Sinking in the polls amid the rise of renegade party outsiders, Jeb Bush is turning to something not in style this summer: establishment support.
The Republican presidential candidate has accumulated pledges from a steady trickle of mayors, state legislators, former governors and about two dozen members of Congress in recent weeks, including former House majority leader Eric Cantor on Thursday.
The tally puts Bush ahead of other 2016 contenders in racking up endorsements but far behind previous GOP candidates at this point in a presidential campaign cycle. The size of the Republican field, plus the sustained dominance of flamboyant businessman Donald Trump, is causing many to refrain from picking sides.
Bush began the year as the GOP’s presumed front-runner, but his poll numbers plunged into the single digits in a national survey this week alongside the rise of Trump and former neurosurgeon Ben Carson, who have pushed ahead of elected officials in the field.
To many Republicans, including Trump, Cantor’s endorsement of Bush seemed an odd choice. Cantor was defeated by an upstart tea party challenger in a GOP primary last year, plunging House Republicans into chaos.
“Who wants the endorsement of a guy (@EricCantor) who lost in perhaps the greatest upset in the history of Congress?” Trump tweeted.
Campaigning with Bush in Norfolk on Friday, Cantor acknowledged that Trump “talks about the kind of things that strike the anger in people.”
But he told reporters: “We’re at a turning point as a country; we’re at a turning point for our party. It is time for the Republican Party to unite around strong conservative principles that Jeb Bush has stood for in Florida.”
Over the course of several weeks, Bush has been assembling state leadership teams, most of them led by prominent pols and filled out with lower-tier politicians.
In Virginia, Cantor is co-chairing the Bush campaign along with Kay Coles James, a former state health secretary, and John Hager, a former lieutenant governor and chairman of the Republican Party of Virginia. Hager’s son Henry is married to Bush’s niece Jenna Bush Hager, daughter of George W. Bush.
In the states holding the earliest contests — Iowa, New Hampshire, South Carolina and Nevada — elected officials usually avoid endorsements in order to promote competitive races. So Bush is recruiting current or former county or state party leaders, school board members, small-business owners, and former supporters of his father or brother.
Of the four early-voting states, he’s amassed the most establishment support in Nevada, where Sen. Dean Heller and Rep. Mark Amodei endorsed him this month.
“Jeb had an interest in Nevada,” said Bush supporter Paul Anderson, the majority leader in the Nevada Assembly. “He came several times, he met with several of us. He extended a request and was very personal in that request. It wasn’t through surrogates or any other way.”
In Georgia, which holds a critical March 1 primary, Lt. Gov. Casey Cagle and Attorney General Sam Olens are backing Bush. In Michigan, Attorney General Bill Schuette — who worked for Presidents George H.W. Bush and George W. Bush — is on board, along with six state lawmakers and other officials from the two Bush administrations.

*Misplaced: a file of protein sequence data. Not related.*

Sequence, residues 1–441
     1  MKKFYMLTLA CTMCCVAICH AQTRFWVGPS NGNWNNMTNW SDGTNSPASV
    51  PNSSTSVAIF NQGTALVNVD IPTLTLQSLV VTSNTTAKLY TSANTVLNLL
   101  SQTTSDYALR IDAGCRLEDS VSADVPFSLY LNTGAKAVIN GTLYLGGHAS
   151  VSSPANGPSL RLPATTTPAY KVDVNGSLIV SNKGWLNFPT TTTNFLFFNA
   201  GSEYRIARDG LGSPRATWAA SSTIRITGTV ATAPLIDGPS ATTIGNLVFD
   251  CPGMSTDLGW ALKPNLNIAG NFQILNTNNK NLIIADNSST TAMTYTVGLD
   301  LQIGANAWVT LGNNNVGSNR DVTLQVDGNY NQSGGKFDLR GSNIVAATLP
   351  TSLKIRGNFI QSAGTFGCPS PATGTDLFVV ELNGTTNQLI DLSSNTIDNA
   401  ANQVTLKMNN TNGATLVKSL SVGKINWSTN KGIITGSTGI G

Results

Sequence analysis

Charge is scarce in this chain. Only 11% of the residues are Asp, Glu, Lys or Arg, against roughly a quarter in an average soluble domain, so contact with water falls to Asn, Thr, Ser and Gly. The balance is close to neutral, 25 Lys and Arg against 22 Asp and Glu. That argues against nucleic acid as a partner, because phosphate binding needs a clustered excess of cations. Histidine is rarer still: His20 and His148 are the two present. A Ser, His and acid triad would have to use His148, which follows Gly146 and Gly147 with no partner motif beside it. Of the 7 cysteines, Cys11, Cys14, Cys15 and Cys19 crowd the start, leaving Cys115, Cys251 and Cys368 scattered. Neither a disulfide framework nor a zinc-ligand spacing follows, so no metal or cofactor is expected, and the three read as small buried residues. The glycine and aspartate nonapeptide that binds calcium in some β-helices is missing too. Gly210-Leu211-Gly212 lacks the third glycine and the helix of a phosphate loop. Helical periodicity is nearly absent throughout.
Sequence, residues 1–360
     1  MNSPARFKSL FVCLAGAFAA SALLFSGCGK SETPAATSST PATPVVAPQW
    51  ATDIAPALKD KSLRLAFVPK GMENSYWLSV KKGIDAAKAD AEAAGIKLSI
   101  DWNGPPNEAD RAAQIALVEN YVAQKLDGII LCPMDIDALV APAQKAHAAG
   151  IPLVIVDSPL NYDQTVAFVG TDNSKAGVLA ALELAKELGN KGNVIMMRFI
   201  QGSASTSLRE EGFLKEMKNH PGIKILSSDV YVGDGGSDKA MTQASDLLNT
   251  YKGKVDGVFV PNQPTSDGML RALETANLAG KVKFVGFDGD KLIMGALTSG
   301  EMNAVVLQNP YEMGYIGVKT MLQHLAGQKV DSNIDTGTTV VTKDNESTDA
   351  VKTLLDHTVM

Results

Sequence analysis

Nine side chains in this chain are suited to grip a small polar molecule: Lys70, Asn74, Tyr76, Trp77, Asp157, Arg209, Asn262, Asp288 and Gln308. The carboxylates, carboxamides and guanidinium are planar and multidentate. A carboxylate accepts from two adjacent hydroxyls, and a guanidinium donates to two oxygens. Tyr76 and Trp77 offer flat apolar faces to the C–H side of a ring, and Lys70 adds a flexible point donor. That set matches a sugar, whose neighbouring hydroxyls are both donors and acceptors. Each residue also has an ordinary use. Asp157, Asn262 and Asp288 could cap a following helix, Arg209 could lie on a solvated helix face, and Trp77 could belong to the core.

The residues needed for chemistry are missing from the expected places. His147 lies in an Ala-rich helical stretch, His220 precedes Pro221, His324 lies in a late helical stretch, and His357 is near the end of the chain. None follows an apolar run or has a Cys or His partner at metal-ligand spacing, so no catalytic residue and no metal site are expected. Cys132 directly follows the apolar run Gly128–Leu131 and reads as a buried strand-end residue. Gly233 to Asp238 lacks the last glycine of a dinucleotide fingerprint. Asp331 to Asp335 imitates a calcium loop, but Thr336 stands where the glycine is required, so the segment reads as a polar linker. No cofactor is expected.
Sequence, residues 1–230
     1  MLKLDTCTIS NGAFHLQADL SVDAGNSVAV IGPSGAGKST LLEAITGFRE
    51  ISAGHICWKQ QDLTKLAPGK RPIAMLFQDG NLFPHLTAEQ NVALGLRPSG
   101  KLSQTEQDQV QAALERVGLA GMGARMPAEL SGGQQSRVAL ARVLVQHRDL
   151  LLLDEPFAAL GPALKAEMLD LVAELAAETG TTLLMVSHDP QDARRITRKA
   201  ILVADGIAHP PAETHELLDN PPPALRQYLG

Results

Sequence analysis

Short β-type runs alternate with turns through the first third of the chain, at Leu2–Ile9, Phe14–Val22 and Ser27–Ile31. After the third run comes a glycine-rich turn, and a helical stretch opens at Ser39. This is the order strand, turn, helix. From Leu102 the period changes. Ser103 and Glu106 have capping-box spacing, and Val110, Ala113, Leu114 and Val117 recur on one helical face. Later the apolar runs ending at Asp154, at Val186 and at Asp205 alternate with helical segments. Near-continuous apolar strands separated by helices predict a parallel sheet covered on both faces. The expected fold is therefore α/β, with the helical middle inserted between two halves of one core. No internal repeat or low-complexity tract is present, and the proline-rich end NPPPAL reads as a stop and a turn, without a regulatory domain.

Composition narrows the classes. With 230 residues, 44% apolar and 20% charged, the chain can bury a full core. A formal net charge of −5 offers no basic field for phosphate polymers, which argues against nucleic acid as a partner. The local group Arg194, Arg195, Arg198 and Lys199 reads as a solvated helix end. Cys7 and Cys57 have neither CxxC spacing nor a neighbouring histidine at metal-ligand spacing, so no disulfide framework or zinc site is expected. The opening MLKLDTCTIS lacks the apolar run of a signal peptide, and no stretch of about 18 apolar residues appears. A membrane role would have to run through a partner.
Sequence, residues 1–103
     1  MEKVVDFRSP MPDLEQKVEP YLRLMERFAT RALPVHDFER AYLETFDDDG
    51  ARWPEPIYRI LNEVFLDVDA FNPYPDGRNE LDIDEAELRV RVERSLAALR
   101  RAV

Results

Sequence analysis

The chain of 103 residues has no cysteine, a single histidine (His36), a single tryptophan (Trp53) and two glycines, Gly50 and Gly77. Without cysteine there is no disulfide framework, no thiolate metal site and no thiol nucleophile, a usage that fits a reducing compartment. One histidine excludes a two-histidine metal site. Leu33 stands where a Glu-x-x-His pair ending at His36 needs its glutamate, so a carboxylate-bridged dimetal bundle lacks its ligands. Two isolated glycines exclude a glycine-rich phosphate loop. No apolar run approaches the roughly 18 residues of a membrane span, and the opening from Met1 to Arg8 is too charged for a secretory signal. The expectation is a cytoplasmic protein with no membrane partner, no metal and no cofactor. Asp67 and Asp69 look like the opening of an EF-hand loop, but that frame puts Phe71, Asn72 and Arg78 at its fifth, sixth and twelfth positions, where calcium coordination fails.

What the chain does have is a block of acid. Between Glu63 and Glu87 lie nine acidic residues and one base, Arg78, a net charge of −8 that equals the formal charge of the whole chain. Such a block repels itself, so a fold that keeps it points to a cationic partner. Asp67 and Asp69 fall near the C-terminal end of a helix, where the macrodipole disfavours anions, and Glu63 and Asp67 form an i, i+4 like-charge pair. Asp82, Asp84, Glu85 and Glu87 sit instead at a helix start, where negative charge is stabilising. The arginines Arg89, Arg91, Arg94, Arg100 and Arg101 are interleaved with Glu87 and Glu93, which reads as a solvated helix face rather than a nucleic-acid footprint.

At this point in previous presidential campaign cycles, however, the eventual Republican nominees enjoyed more widespread establishment support, according to an analysis by FiveThirtyEight.com, a nonpartisan polling and statistics site often cited by presidential campaigns.
Using a system that doles out points based on endorsements from members of the House and Senate or sitting governors, the site puts Bush atop the GOP field, ahead of New Jersey Gov. Chris Christie, former Arkansas governor Mike Huckabee and Sen. Rand Paul (Ky.). No sitting governor has endorsed Bush, but he has the support of at least 22 lawmakers, including Heller and Sens. Orrin G. Hatch (Utah) and Susan Collins (Maine).
House Speaker John A. Boehner (R-Ohio) is friendly with Bush and publicly urged him to consider running, but he isn’t expected to endorse any candidate, given his leadership perch. A handful of former senior House aides — including former Boehner spokesman Michael Steel and Robert S. Karem, a onetime top policy adviser to Cantor and his successor as majority leader, Rep. Kevin McCarthy (Calif.) — are now top Bush campaign advisers.
Rep. Adam Kinzinger (Ill.) was among the first Republicans in the country to endorse Bush and said he knows of several colleagues who are withholding support for him given the fluidity of the race.
“With 17 candidates, that’s totally understandable,” said Kinzinger, who predicted that Bush will quickly amass more endorsements as the field narrows.
But the resistance to Bush among many establishment Republicans is telling. Rep. Peter T. King (N.Y.) — the kind of hawkish, law-and-order lawmaker whom Bush should be able to win over — said he’s likely to support Bush, but not yet.
“All things being equal, I will endorse Jeb Bush, the way it looks now,” he said in an interview. “But I have to see if he can sustain a campaign. He has the financial resources and the organization in place, but it’s a long way from now to January.”
Jenna Portnoy in Norfolk contributed to this report.